There are 91 800 ha of natural bamboo forests in Xishuangbanna, and a large area of bamboo/tree mixed forests belongs to the state/communities and individual land owners. They are managed and harvested for bamboo shoots and bamboo culms in such a way as to protect the watersheds and genepools. The traditional harvesting for bamboo shoots and culms from forest lands was sustainable when it was basically harvested for villagers' home consumption, and not for commercial purposes (Pei 1997).

Conclusion

Biodiversity is important because traditional utilization, sustainable management and stable economic development in indigenous communities usually are based on the resource diversity. Cultural diversity and the diversity of bamboo resources in Xishuangbanna make a stable and sustainable system in the area. The important areas of biodiversity are also in the inhabited areas. The utilization of indigenous knowledge system as a useful tool can promote the sustainable development of natural resources. The practices followed by indigenous communities indicate effective conservation methods and wise use of the resources in the local, regional, and country levels. Local people's participation in management of natural resources and conservation activities is important to sustainable development, which is based on understanding and cooperation of different beneficiary groups.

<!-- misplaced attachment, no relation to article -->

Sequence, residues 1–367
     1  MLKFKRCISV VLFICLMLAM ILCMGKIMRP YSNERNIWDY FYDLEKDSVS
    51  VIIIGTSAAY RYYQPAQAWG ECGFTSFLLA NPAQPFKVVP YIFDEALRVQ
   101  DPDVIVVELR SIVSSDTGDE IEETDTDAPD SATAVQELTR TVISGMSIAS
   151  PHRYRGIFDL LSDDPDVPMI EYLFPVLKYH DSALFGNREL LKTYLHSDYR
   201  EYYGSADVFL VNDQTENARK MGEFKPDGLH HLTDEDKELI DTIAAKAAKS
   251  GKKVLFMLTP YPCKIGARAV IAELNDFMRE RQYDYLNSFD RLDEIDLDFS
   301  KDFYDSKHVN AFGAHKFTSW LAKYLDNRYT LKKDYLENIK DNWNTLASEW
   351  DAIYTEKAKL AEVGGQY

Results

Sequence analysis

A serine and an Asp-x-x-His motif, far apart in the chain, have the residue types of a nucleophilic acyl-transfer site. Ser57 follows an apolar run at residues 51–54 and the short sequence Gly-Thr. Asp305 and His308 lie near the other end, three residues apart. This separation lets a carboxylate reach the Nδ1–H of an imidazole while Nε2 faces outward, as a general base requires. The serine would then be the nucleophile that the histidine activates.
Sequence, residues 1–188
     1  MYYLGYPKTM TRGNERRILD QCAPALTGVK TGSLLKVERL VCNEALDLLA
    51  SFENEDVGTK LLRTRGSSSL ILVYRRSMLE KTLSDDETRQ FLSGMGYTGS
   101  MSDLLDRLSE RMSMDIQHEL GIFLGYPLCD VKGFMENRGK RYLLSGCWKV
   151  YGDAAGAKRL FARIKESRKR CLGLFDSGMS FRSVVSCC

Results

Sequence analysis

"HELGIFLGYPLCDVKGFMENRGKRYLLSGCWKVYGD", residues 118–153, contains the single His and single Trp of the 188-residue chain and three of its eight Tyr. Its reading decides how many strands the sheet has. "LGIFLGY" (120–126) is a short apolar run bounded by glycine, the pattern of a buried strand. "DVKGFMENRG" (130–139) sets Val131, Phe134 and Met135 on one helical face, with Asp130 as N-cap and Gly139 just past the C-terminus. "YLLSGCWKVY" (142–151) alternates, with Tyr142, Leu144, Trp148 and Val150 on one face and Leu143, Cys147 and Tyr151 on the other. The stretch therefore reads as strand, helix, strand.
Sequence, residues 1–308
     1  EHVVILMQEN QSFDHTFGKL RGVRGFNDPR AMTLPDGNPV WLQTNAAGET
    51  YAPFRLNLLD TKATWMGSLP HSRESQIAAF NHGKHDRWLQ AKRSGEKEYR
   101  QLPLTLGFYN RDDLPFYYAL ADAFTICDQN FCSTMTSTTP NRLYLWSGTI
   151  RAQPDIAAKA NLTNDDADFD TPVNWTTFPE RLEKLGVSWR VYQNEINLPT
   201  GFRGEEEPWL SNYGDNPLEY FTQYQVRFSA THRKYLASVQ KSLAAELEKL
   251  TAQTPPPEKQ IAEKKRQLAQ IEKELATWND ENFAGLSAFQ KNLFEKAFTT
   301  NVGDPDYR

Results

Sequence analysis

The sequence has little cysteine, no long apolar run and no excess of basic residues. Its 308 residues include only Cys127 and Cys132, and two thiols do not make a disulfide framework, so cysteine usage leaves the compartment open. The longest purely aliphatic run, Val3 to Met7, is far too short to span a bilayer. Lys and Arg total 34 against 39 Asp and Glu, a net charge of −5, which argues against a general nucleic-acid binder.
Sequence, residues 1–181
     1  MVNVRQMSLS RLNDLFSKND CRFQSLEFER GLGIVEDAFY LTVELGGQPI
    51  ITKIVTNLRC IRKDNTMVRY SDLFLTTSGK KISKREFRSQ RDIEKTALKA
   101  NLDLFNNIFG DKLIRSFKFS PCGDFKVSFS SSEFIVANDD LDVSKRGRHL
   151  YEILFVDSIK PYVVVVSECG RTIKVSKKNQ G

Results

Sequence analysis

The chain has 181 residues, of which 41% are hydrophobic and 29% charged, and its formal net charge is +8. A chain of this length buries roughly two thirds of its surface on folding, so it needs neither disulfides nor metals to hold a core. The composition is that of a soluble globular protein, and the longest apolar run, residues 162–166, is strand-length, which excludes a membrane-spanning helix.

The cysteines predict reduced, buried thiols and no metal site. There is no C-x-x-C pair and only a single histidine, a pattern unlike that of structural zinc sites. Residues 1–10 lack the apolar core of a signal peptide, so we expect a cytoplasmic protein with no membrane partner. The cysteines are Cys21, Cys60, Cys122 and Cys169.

References

Johnston, M. and A. Colquhoun. 1996. Preliminary ethnobotanical survey of Kurupukari: an Amerindian settlement of Central Guyana. Economic Botany, 50(2):182-194.

Pei Shengji. 1994. Ethnobotany in the new development of botanic gardens. Pp. 16- 21 in Collected Research Papers on Tropical Botany, No. 2. (Z.F. Xu et al., eds.). Yunnan University Press, Kunming, Yunnan.

Pei Shengji. 1997. Indigenous management of bamboo and rattan resources in the Chinese Himalayan mountains. Pp. 97-107 in The Role of Bamboo, Rattan and Medicinal Plants in Mountain Development. (M. Karki et al., eds.). INBAR Technical Report No. 15.

Piper, J. M. 1992. Bamboo and Rattan: Traditional Uses and Beliefs. Oxford University Press, Oxford.

Wang Kanglin, Xue Jiru, Chen Sanyang, Pei Shengji and Ai Kanla. 1993: in Collected Research Papers on Tropical Botany, No. 2. (Z.F. Xu et al., eds.). 47-65 Yunnan University Press, Kunming, Yunnan.

Wang Kanglin. 1996. Ethnobotanical studies of bamboo resources in Mengsong, Xishuangbanna, Yunnan, China. Pp. 124-128 in The Challenge of Ethnobiology in the 21st Century: Proceedings of the Second International Congress of Ethnobiology. (Pei Shengji et al., eds.). Yunnan Science and Technology Press, Kunming, Yunnan.

Ethnobotanical inventory of bamboo in Xishuangbanna

Source: Wang et. al. 1993

Botanical name

Vernacular name

Utilization

Locality

Voucher no.

Bambusa congesta

Maiben (D)

W

Ml

W87024

B. lapidea

Maipiao (D)

W, T

Ml, Mh, Jh

W3182,
S18067

B. longinoda

Maiheca (D)

W, F

Ml

W3169

B. polymorpha

Maibeng (D)

W, F, B

Ml

W3107

B. sinospinosa

Mainaluan (D)

R, F, W

Ml, Mh

W3032

B. vulgaris

Maibinpiao (D)

O, B, W, M

Ml

W3052

B. vulgaris cv. vittata